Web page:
ASPIRE is a quarterly magazine published by PCI in cooperation with the associations of the National Concrete Bridge Council. The editorial content focuses on the latest technology and key issues in the Concrete Bridge Industry.
Issue link: http://www.aspiremagazinebyengineers.com/i/306855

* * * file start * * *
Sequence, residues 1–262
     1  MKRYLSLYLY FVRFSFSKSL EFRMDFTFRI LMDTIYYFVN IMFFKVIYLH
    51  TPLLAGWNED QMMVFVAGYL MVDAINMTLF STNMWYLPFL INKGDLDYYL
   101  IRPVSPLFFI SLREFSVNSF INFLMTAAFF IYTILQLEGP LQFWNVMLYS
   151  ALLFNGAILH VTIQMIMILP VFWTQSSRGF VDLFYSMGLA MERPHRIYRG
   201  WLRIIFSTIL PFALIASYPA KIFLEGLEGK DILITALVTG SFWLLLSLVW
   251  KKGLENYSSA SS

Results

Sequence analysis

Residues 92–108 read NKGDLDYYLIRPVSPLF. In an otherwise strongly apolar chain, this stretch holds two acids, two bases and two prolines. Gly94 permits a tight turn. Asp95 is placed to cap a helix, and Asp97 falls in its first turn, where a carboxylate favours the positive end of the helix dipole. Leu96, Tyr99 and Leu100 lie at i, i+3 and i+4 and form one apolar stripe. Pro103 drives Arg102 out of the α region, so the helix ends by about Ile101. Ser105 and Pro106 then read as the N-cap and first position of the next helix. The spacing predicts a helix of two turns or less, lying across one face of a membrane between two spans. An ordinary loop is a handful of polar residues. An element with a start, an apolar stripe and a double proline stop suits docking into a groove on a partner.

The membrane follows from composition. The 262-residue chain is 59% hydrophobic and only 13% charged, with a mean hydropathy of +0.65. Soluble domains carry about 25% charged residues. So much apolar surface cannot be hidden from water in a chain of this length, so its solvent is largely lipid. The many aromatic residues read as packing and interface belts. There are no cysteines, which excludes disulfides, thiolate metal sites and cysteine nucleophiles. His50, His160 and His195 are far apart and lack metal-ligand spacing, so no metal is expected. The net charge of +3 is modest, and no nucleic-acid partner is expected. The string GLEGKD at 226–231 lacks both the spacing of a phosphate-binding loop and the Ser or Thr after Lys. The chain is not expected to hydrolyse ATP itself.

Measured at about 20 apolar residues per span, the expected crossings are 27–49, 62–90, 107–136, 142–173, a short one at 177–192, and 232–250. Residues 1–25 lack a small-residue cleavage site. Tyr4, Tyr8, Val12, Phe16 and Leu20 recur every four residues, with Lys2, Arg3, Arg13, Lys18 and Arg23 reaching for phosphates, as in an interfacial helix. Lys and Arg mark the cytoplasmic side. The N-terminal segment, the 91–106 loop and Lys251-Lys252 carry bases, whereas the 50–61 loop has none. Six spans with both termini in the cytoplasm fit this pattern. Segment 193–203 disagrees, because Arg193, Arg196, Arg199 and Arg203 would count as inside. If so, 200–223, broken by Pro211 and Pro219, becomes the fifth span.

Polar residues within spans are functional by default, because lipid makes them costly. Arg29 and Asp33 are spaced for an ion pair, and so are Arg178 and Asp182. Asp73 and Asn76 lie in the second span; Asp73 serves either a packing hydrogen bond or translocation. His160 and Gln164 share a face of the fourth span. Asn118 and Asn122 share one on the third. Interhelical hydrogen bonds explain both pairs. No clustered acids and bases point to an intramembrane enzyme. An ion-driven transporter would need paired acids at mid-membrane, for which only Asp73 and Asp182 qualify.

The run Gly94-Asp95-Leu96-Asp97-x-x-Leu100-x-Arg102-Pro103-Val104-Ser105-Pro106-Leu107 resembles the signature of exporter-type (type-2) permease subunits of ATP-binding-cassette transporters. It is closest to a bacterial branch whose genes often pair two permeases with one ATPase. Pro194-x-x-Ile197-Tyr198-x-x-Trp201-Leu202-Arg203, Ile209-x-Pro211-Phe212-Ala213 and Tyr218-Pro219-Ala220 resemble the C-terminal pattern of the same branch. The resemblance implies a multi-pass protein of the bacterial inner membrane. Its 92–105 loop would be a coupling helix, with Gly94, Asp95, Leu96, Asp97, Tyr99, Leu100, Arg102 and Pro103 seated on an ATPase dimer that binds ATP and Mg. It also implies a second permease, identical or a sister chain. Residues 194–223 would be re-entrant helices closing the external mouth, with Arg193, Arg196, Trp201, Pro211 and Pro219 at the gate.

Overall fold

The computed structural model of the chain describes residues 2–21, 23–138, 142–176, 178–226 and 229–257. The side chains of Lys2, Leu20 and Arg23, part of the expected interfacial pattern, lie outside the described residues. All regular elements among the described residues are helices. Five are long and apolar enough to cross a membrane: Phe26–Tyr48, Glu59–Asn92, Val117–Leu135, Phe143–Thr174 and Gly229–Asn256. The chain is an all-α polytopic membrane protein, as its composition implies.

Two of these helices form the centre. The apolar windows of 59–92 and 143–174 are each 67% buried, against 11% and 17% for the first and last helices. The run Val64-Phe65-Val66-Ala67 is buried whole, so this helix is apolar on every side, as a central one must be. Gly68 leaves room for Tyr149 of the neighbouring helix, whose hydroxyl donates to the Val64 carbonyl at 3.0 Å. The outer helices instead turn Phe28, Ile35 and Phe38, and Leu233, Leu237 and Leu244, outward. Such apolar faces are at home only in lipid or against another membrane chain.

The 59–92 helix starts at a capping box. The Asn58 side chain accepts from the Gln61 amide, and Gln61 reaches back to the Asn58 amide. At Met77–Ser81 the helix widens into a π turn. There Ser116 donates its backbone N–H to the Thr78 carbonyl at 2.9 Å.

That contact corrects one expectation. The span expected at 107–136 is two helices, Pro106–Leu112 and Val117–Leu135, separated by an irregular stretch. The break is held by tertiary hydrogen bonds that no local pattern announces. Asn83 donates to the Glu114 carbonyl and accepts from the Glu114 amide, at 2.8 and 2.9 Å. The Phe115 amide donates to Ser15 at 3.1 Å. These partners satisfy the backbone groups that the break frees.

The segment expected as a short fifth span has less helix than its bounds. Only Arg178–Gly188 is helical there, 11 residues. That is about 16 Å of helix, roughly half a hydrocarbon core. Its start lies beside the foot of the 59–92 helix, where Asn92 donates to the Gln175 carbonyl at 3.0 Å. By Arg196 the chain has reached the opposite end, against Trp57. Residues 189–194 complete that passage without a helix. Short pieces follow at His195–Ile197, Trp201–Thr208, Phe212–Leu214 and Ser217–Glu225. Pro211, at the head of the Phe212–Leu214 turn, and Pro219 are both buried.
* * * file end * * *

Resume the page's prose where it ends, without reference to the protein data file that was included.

Replacing the deteriorated Elwha River Bridge in Clallam County, Wash., with a new segmental cast-in-place concrete design gave rise to a variety of challenges to ensure the project balanced the needs of the local community, historic- preservation groups, and the tribal jurisdictions. Foremost was the need to overcome severe terrain and other natural obstacles. Another constraint included suspending a pedestrian deck beneath the superstructure. These site- specific challenges required a tremendous effort even before construction of the bridge could be addressed. The $19.7-million structure replaced a 1914 steel-truss bridge closed to traffic in 2007 because of advanced deterioration. Listed on the National Register of Historic Places, the one- lane Elwha River structure had been downgraded to load-restricted after serious structural deficiencies were found in 1992. In 2003, the county hired BergerABAM Engineers to begin the design process. Bids submitted exceeded the original budget and an innovative combination of funding sources was needed before construction could proceed. Design of the replacement bridge included a main vehicular structure and a separate pedestrian and bicycle deck. The main structure is 589 ft long and features cast-in-place concrete box girders built using the balanced cantilever and cast-on-falsework construction methods. The cantilever technique minimized disturbances to sensitive environmental areas along the river. Access Proved Difficult The terrain surrounding the remote site posed considerable challenges. Access to Pier 3 on the east bank required construction of a 2-mile-long access road that utilized an old railroad right- of-way. Access to Pier 2 on the west bank proved to be one of the most difficult aspects of the project. Situated on a rocky knoll approximately 50 vertical ft down a steep embankment from the existing west abutment, it was bounded to the north and east by vertical drop-offs and to the south by an existing crib wall of unknown s t a b i l i t y t h a t re t a i n e d a p re v i o u s landslide area. Contract documents were silent about access means. As a result, Parsons had to design-build a ramp and work pad. Environmental constraints prohibited blasting, so specialized rock-grinding equipment was used in addition to conventional excavation methods. A provision to facilitate continuous access required a split-ramp design. profile ELWHA RIVER BRIDGE / CLALLAM COUNTY, WASHINGTON DESIGN ENGINEER: BergerABAM Engineers, Seattle, Wash. CONSTRUCTION ENGINEER: International Bridge Technologies, San Diego, Calif. TRAVELER ENGINEER: John Parkin & Associates, Vancouver, Wash. FASLEWORK ENGINEER: VAK Engineering, Beaverton, Ore. PRIME CONTRACTOR: Parsons Construction Group, Sumner, Wash. PRECASTER (PEDESTRIAN BRIDGE): Concrete Technology, Tacoma, Wash., a PCI-certified plant by Greg Bennett, Warren Hallam, and Scott Nelson, Parsons Construction Group BATTLING THE TERRAIN Constructing the new Elwha River Bridge in Washington State required confronting steep, rocky banks, as well as flooding and environmental restraints The Elwha River Bridge in Clallam County, Wash., used cast-in-place segmental concrete to meet significant challenges of terrain. The bridge includes a lower pedestrian deck consisting of precast concrete bulb-tee girders and deck panels. Photos: Parsons Construction Group. The terrain surrounding the remote site posed considerable challenges. 24 | ASPIRE , Spring 2010 Elwha_spr10-1.indd 24 4/30/14 11:06 AM